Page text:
News / Asia

Pakistan Rebuffed on Civilian Nuclear Deal For Now

Gary Thomas

The announcement the United States and India have ironed out the final details of their nuclear energy deal comes only days after the first  U.S. high-level strategic dialogue with Pakistan, which made clear it too craves a nuclear energy deal.  The Obama administration did not say yes, but it did not say no.

At the heart of the strategic dialogue was overcoming the trust deficit.  Pakistan continues to suspect the United States sees Pakistan as a partner of convenience to be discarded when its aim of defeating the Taliban and al-Qaida is achieved.  

On the U.S. side, there are many in policy circles who question the depth of Pakistan's anti-terrorism commitment.

U.S. Army War College professor Larry Goodson says healing the rift will take time.

"I think it is sort of like marriage counseling, said Larry Goodson. "If you are in a very estranged relationship, but you have determined that you must improve the relationship, you have got to start somewhere.  And perhaps they tell you to start giving flowers every other day or something.  You have got to start thinking more kindly, projecting more optimism.  I do not think that you can improve an estranged relationship by continuing to have a sort of very pessimistic outlook about where it is likely to end up."

Congressional Research Service South Asia analyst Alan Kronstadt says the strategic dialogue showed a new tone.

"What is happening is that we have now more than a year down the road seen the Obama administration behave in some ways differently with Pakistan and arguably has brought some success in that shifted tone and approach to Pakistan," said Alan Kronstadt. "It is mainly about solidifying, attempting to establish a relationship that will eventually feel like it is based on mutual trust.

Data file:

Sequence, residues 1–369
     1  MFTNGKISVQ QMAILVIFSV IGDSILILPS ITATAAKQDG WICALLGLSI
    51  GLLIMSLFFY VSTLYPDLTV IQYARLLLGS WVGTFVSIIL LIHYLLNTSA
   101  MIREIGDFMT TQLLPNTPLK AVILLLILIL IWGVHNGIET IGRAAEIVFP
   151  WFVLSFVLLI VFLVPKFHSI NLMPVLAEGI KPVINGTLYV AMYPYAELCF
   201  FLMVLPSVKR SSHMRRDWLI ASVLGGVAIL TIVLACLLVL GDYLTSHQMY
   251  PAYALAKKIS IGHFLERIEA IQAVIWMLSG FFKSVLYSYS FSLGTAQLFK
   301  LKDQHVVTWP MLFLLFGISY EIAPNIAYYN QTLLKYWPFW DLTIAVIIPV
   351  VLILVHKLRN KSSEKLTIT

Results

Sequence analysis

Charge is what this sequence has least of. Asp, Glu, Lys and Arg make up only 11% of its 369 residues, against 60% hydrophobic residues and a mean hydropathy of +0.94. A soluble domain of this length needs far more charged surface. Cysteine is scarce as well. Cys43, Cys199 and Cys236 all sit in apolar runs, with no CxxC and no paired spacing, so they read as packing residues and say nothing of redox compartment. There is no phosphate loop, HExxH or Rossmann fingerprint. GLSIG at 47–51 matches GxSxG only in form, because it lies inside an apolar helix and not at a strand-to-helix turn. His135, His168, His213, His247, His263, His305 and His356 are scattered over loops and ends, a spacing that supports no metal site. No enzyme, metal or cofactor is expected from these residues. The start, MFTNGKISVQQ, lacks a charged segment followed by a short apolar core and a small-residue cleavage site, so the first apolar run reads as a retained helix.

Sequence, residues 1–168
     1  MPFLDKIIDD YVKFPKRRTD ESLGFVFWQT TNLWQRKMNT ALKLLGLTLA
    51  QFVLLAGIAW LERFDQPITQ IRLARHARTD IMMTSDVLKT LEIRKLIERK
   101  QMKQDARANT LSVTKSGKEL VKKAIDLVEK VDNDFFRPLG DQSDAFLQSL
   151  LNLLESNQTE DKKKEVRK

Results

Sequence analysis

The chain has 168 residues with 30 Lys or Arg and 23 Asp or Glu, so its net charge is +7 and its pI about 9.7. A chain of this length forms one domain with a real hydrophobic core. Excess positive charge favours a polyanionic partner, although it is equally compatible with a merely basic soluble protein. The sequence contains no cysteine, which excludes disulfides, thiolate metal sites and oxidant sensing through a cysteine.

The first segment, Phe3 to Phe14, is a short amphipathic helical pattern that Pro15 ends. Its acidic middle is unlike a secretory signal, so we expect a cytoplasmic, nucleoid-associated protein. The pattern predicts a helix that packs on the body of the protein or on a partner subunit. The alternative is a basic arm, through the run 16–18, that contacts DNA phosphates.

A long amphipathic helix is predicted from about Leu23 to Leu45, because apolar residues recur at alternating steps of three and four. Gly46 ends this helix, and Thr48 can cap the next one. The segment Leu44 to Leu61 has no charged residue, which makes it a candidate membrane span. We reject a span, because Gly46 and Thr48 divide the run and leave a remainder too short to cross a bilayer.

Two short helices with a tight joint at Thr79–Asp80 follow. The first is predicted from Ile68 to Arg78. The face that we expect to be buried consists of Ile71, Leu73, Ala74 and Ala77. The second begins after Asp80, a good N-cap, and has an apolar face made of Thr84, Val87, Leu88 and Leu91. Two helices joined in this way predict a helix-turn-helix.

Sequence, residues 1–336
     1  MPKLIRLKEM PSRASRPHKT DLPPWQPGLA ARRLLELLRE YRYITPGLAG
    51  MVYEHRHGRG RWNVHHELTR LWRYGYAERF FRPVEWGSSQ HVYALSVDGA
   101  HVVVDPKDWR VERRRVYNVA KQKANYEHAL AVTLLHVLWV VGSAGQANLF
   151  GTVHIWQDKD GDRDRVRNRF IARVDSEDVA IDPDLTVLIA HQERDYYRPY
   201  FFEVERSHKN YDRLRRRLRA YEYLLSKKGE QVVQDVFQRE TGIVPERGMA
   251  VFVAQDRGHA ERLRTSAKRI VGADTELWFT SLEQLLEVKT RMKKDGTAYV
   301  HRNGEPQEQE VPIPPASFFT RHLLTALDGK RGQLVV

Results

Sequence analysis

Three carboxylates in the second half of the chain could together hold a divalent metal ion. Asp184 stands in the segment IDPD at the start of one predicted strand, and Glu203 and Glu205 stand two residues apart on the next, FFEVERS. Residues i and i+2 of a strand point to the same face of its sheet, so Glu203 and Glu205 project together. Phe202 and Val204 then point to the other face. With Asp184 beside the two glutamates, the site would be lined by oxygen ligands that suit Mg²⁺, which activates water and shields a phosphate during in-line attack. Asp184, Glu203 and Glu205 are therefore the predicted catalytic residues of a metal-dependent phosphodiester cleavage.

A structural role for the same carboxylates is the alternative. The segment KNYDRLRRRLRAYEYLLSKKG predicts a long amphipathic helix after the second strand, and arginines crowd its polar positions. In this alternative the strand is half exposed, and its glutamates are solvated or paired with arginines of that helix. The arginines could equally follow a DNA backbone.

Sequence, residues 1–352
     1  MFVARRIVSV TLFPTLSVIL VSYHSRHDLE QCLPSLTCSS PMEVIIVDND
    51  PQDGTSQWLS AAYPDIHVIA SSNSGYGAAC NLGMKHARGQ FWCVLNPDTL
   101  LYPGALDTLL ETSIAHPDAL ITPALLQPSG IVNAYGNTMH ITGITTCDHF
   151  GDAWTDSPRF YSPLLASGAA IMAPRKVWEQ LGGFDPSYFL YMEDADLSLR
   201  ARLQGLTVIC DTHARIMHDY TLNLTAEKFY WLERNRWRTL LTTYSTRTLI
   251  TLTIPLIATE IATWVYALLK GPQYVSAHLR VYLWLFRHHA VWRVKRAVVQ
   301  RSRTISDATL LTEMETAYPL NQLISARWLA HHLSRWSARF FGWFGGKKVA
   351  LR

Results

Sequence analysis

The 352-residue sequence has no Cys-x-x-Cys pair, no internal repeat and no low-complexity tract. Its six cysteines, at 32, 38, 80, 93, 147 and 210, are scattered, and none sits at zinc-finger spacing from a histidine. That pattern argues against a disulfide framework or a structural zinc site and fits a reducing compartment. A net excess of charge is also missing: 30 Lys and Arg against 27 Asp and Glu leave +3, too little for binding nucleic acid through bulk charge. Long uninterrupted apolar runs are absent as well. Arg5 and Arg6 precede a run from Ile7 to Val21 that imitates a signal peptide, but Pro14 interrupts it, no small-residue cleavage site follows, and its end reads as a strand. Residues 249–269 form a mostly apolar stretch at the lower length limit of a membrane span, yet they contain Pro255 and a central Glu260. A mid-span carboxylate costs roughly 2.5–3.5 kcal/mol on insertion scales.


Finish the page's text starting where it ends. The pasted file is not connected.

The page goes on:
The Washington meeting was a dialogue, not a negotiation.  But Larry Goodson says Pakistan felt its recent arrests of top Taliban figures, as well as some military action against militant strongholds along the border, was enough to press some advantage.

"Regardless of the motivation for the arrests, it does seem to me to be clear that the Pakistani leadership is trying to leverage the fact of the arrests to sort of strengthen the strategic dialogue, or their bargaining position in the strategic dialogue, " he said.

The U.S. pledged new aid for Pakistan's energy, water, agriculture and educational sectors, and Washington promised to speed up reimbursements owed to Pakistan for counterinsurgency operations.

But what Pakistan really wants is a civilian nuclear power deal similar to the one India got from the United States.  Pakistan suffers from acute energy shortages.  But when asked about the issue by reporters, Secretary of State Hilary Clinton deflected the question.

"We have said that we will listen to and engage with our Pakistani partners on whatever issues the delegation raises," said Hilary Clinton. "We are committed to helping Pakistan meet its real energy needs."